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Plenty: Mixed Media Paintings by Dan Schank

January 29, 2016 through May 7, 2016 
Ronald E. Holstein Gallery

An opening reception will be held on Gallery Night, Friday, March 11 from 7 to 10 p.m.

Artist Dan Schank is interested in the tension between fantasy and reality as it applies to social space. In his mixed-media paintings, Schank pulls from an assortment of mundane and visionary sources, including cruise ships, utopian community models, apocalyptic frontiers, shopping malls, and other public gathering settings. His work explores the contradictions that arise when the spaces we physically inhabit are forced to reckon with the mediated spaces we imagine inhabiting.

Schank’s most recent series considers the idea of the false promise as it relates to a market economy. More specifically, Schank is interested in the ways that familiar environments—malls, box stores, gift shops, the internet—attempt to satiate as many human desires as possible, often within a confined setting. Aesthetically, Schank tries to locate a visual vocabulary that emerges when we offer more than we can deliver. Put differently, he’s curious about the ways that evangelical bombast, conspiratorial posturing, and advertising campaigns overlap visually.

The sources for these paintings relate to UFO speculation, conspiracy theories, religious extremism, and online mysticism, as applied to everyday spaces (real and virtual). Schank hopes to transfer some of the nausea and vertigo that attends misguided zealotry to the places he physically navigates, drawing connections between the cult-like avowals of underground prophecy and the appetites that propel mainstream markets.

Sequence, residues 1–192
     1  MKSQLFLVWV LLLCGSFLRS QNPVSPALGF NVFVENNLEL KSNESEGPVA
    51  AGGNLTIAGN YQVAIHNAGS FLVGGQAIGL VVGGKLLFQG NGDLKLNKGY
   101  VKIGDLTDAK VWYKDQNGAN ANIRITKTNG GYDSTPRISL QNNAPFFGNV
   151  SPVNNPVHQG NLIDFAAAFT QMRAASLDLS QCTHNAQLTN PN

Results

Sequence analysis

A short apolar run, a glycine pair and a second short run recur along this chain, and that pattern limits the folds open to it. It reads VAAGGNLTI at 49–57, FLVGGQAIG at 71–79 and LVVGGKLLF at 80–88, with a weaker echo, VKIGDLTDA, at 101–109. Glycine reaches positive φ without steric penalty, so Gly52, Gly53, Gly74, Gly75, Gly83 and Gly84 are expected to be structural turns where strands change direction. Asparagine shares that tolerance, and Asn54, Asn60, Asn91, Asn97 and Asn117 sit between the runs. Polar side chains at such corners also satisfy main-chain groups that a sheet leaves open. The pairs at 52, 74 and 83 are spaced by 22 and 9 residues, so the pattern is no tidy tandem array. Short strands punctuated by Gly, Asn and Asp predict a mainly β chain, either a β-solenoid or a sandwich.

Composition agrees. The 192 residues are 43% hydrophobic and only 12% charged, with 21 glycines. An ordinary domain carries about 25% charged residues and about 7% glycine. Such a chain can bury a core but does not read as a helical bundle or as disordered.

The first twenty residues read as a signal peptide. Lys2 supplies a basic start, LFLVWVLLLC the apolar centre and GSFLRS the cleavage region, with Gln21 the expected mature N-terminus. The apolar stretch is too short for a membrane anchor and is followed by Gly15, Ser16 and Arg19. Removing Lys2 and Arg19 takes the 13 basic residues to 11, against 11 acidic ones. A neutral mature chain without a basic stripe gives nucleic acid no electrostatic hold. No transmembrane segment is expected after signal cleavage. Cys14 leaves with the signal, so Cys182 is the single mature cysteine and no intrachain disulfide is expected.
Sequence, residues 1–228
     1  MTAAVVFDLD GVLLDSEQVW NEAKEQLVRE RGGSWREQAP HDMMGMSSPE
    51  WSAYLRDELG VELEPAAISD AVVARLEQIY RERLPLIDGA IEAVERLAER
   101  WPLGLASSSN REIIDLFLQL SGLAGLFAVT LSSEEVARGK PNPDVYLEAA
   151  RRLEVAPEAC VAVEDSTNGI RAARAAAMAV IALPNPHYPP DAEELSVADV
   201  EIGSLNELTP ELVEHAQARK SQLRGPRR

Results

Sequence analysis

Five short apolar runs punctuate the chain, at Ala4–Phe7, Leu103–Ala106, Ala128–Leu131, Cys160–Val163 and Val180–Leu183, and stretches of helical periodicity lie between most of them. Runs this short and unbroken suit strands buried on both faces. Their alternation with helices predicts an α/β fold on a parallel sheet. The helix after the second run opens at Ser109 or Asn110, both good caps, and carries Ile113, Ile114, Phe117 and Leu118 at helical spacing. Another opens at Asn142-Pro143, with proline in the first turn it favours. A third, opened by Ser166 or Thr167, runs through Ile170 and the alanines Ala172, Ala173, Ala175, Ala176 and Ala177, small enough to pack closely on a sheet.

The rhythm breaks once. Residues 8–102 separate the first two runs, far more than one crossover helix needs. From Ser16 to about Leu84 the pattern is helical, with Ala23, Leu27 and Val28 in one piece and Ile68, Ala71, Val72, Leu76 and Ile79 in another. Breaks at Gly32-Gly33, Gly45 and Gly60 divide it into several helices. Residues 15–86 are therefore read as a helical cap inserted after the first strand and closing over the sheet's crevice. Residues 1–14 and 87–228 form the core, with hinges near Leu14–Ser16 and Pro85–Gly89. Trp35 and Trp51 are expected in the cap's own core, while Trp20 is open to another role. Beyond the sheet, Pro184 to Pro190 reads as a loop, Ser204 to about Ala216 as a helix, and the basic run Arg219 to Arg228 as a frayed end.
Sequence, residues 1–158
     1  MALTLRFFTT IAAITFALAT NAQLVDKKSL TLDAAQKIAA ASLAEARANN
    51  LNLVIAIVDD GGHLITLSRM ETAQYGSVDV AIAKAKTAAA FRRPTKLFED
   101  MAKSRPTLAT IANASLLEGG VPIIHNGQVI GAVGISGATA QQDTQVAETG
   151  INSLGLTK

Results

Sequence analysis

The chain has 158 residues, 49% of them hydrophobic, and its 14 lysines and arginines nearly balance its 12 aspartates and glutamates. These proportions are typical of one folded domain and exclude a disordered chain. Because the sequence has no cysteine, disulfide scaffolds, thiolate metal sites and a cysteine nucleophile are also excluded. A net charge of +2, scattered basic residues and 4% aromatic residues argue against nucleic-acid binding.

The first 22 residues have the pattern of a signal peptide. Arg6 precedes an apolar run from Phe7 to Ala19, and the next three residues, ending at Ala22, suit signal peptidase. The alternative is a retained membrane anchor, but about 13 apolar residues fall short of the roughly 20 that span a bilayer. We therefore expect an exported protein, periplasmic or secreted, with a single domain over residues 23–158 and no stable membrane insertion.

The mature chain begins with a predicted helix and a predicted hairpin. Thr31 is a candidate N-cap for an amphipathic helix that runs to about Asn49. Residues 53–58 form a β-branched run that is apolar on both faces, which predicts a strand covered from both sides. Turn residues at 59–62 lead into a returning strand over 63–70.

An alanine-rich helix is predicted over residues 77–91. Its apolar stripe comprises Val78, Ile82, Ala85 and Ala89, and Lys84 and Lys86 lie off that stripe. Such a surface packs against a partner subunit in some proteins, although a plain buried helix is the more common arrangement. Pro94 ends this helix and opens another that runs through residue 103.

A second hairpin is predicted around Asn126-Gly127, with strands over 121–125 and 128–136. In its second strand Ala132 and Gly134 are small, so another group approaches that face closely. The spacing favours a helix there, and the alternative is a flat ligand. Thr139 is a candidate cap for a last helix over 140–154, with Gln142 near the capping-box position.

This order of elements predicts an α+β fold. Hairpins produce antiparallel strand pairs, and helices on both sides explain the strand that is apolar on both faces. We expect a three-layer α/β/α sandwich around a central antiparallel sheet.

Dan Schank lives and works in Erie, PA. His work has been exhibited across the country, in galleries in Philadelphia, Chicago, San Francisco, Detroit, San Diego, Milwaukee, and New York. He earned his BFA from Temple University’s Tyler School of Art in 1998 and his MFA from the University of California at San Diego in 2003. In 2001, he was a resident at the Skowhegan School of Painting and Sculpture in Skowhegan, ME. In addition to maintaining a painting practice, Schank is also a lecturer in the English program at Penn State Erie, the Behrend College and a regular contributor to the Erie Reader. This is his first exhibition with the Erie Art Museum.

This hot pink, hallucinogenic scene littered with jeering jack-o’-lanterns and alien doll-babies was inspired by a photo from a gift shop in Roswell, NM (known for UFO sightings and conspiracies). Schank’s painting, Twilight Zone, explores how disturbing UFO imagery is and how people have cashed in on the paranoia surrounding it.